Sean Dennison, BFR Editorial Staff
Another day, another hundred errands. Could you please take Robbie to the beach? I’ve packed some snacks for you. For dinner I’m thinking pizza. Call for trouble. xoxoxoxoxo
Robert thought of paintings on the drive to the beach. The sunny day expressed every detail in his sight with loving focus. Robbie rolled his window up and down, stealing highway breezes that kicked up his hair. Another day, another Mathildeless venture. The hours and the errands she said she did didn’t match. Neither did her car’s odometer.
“Dad, are we gonna catch fish?”
“Maybe, buddy,” Robert said.
Robbie started clapping his plastic shovel and bucket together. Robert let the hollow sounds soundtrack his thoughts. Would Amy be there? He’d told her last minute, but figured they were both used to it by now. Mathilde only smiled at Robert’s complaints about working on nonexistent work projects. As for “getting to this point,” he’d long since gotten over it.
“Maybe, buddy,” Robert said again.
“Huh?” Robbie asked, but they were already pulling into the beach lot.
The woman walked up and down along the bottom of the sheer cliff face that overlooked the jetty. What was a jetty anyway?
We’ll be at the jetty, he said.
Just meet us—me—at the beach, near the cliffs.
Us. He was being sloppy again. She kicked away a spinachy pile of seaweed. Seagulls flew overhead, and she resolved that, if shat on, these meetings would stop. She found a small pool where she chased crabs with her finger. It was easy to disrupt them, or anything, really. Hell, she’d let him disrupt her life after a chance meeting at a coffee shop.
“Hello,” she finally heard.
She worked up a smile before looking at him.
“I’m not doing it here, in public, with your son here she said,” pointing to a small boy with a plastic bucket and shovel, running to the tide pools with his back toward them. “Lotta fucking nerve bringing him here.”
“I just wanted to see you, Amy,” he said. “It couldn’t be helped.”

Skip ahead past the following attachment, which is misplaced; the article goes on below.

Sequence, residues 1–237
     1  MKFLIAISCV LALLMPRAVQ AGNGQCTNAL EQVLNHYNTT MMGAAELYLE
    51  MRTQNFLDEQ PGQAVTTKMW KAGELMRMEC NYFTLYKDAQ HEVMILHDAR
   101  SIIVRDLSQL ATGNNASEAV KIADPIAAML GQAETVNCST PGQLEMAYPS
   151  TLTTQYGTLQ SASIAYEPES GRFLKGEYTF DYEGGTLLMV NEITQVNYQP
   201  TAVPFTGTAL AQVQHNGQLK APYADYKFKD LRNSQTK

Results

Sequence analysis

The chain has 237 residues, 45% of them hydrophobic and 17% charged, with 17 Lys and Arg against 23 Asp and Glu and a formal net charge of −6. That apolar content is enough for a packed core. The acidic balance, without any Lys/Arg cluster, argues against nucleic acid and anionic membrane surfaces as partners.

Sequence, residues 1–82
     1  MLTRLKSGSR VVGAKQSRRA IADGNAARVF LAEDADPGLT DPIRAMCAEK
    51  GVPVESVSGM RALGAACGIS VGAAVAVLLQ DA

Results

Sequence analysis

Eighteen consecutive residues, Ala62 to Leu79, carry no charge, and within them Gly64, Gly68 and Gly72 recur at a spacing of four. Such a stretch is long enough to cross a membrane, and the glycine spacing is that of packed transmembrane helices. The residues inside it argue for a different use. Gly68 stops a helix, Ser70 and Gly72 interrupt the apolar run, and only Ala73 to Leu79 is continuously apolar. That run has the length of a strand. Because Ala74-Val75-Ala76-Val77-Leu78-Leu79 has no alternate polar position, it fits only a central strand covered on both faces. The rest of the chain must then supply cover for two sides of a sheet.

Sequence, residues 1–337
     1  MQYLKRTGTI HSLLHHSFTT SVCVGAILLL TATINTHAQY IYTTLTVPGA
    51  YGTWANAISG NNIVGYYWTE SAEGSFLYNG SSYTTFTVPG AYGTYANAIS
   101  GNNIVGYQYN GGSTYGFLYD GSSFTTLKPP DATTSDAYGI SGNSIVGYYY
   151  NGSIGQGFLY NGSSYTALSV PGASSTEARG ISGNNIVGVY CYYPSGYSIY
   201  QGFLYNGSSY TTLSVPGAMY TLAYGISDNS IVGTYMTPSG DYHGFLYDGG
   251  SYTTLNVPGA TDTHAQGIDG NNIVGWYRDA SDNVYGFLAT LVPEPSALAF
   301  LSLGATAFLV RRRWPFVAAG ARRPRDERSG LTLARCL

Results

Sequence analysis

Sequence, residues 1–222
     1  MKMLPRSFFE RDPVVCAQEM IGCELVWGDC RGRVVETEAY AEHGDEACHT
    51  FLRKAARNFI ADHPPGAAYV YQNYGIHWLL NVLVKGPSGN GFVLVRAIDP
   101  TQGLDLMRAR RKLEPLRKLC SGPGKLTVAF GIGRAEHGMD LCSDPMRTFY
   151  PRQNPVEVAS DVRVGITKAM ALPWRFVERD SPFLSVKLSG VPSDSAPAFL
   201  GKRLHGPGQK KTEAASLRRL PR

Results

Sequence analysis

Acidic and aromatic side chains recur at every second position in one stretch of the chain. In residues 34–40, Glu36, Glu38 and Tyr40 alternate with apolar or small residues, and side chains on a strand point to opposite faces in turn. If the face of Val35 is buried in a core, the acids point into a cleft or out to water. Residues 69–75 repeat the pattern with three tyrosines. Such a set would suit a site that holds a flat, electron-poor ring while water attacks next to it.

“Well, you see me Robert,” she said. “Now, what can be helped?”
The starfish looked like his Mom’s jewelry. He liked to watch her put it on for big parties, a five-pointed sunset red necklace. He reached in the tide pool to pull the ocean gem out. Saltwater wetted and weighted his clothes, but the starfish felt as light as the paper masks he made at school. He couldn’t wait to show Dad. They could take it home to Mom, who wasn’t really with him and Dad anymore except at dinner and maybe breakfast. Mom would love the starfish.
“I’m gonna take you home,” the boy whispered, stroking its five limbs. He ran back to where Dad was.
Dad had his arms around a lady. He’d seen Dad wrap his arms like that around Mom. The lady smiled, and now Dad kissed her. He did that with Mom too. He never saw Dad do that with anyone else. He clutched the starfish tighter. He didn’t know he walked to them until he was right next to them. The lady noticed first.
“Robert,” she said.
Dad quickly unwrapped himself from the lady and took a few steps back.
“Got a fish, buddy?”
Robbie nodded and held up the starfish. He touched his thumb to the center. He imagined a magic button on the starfish’s center, and when you pushed it the ocean would rise, higher and higher until it turned the world into a pool.
“It’s beautiful,” the lady said.
Mrs. Robertson noticed Robert and his boy pull up in their driveway while she watered her plants and went to say hello.
“Why, hello there, handsomes!” she said.
“Hi,” Robbie said without looking at her, and headed straight for the house. He threw a plastic shovel and bucket set on the grass.
“Hold on, buddy,” Robert said. “Hi Mrs. Robertson.”
“Robert, how are you? Father-son outing?”
“Yah, beach day today,” he said. Mrs. Robertson smiled at him. His face was red, and he kept tugging at his collar. He noticed he had missed a button on his shirt and fixed it. “Robbie found a starfish,” he said after some silence.
“I hope the next time I go to the beach I find one,” she said. “Take care.”
She thought of Robbie and Robert. They looked exactly like each other. But Robbie had Mathilde’s eyes and nose. The mother’s car wasn’t there. She’d be back later this evening, then, to cook dinner. Robert, Robbie and Mathilde sometimes ate dinner with the drapes open, and every now and then Mrs. Robertson would see them eating together.
What a lovely family, she thought, and continued to garden.